Music

Nick Millevoi and the Desertion Trio Explore Bygone Era With "Taboo" (premiere)

Photo courtesy of Girlie Action

Culled from an album that finds the group revisiting the sounds of the Platters, Santo and Johnny, and Les Baxter, "Taboo" is in tune of a different time but may ultimately find us reflecting on our own.

Nick Millevoi and the Desertion Trio offer up a slice of their latest record, Twilight Time, via the new single "Taboo". The new LP finds the group covering songs from the Platters, Santo and Johnny, and Gene Pitney, as well as exotica godfather Les Baxter and space age record producer Joe Meek. It was also inspired, in part by Wildwood, New Jersey's shore town reputation and its well-preserved examples of mid-century architecture and design.

Millevoi explains, "I've been going to Wildwood for my entire life. It's a unique place in its look and the way it always seems to be operating at the highest level of energy. I know it scares some people away, but it's feels like home to me. I realized on our last record that a lot of those feelings are already lurking in the music I write. This time I decided to deal those ideas directly by tackling music from the 1950s and 1960s."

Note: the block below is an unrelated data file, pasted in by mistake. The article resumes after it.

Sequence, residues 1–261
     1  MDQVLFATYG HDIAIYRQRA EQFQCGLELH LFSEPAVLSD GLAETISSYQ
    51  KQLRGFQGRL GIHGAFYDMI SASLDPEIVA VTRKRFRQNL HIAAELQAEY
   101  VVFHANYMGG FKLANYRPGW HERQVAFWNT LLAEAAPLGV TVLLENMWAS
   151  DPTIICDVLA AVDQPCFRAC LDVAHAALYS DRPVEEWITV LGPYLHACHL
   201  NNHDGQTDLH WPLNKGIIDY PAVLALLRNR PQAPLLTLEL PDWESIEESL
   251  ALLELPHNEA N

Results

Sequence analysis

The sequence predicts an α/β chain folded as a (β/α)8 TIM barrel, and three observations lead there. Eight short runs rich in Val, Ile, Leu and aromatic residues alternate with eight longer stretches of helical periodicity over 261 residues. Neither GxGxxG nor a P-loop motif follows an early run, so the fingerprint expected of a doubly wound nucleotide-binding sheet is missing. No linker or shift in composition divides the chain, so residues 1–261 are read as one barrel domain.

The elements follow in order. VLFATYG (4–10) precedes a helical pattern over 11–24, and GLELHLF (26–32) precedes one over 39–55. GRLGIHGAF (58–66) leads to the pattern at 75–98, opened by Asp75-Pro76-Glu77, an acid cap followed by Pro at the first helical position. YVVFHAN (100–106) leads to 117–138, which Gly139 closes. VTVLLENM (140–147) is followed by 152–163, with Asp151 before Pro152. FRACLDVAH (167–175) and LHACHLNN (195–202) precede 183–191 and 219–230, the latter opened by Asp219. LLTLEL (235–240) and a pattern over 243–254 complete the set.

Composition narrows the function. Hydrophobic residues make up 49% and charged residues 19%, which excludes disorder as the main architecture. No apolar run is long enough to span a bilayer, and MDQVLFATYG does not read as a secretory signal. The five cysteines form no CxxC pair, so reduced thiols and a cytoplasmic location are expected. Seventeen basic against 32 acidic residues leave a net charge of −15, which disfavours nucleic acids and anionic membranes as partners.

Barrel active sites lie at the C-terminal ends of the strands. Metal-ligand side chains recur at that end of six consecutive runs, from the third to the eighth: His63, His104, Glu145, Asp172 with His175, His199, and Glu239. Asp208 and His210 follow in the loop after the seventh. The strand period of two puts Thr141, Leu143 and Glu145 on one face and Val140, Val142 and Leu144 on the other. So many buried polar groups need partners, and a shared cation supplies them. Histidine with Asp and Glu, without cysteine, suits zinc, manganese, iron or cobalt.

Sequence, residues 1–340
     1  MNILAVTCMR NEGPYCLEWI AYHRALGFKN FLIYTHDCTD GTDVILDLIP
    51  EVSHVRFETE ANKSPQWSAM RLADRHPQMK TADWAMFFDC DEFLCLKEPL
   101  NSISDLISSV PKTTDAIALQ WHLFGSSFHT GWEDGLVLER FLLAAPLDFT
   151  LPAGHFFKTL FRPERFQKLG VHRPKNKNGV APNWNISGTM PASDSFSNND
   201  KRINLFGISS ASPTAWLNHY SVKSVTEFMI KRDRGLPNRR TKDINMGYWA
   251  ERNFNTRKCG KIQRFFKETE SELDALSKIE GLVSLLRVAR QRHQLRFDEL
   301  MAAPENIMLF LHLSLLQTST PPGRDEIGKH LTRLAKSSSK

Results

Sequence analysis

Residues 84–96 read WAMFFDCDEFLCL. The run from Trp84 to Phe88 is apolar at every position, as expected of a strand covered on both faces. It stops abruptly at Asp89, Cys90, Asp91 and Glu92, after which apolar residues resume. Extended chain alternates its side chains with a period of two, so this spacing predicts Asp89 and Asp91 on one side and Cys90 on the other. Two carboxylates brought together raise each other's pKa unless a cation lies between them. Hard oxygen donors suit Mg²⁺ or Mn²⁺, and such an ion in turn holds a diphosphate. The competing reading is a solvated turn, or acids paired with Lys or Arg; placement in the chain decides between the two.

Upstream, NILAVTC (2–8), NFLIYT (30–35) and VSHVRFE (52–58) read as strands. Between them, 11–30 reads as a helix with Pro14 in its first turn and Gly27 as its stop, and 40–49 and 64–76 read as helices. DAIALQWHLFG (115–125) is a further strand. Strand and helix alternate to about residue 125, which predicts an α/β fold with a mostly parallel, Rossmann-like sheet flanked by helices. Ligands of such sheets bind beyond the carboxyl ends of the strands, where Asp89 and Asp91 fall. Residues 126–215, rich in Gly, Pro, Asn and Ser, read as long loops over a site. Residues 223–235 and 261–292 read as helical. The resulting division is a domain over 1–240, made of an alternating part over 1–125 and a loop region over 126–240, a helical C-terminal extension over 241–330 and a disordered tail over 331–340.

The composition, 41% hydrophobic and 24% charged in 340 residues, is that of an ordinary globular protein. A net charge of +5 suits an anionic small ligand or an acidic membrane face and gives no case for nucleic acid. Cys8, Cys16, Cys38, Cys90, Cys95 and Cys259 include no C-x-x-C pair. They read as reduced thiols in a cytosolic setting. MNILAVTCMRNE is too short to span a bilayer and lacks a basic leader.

Although the music on this current release was conceived well before the 35-year-old artist and bandleader, he concedes that it's not all the foreign to him. "There's a weird dichotomy in Wildwood where it exists as this nostalgic place, but also exists at the very edge of mainstream trends. When I was going to Wildwood as a kid in the 1980s and early 1990s, first learning to play guitar, I was hearing these old songs, which they play all over the town, played next to contemporary rock and hip-hop so I absorbed this music, these oldies, as if they were current to my own childhood."

As for "Taboo"? It's an impressive demonstration of restraint, a walk in the narrow line between twilight and darkness, an expression of frustration, of melancholy, of resolve and hope all at once. It's the full expression of the cautious optimism of the past and the contemporary sense that hope is something of a bygone era. There's a promise, too, that the Desertion Trio won't leave you alone.

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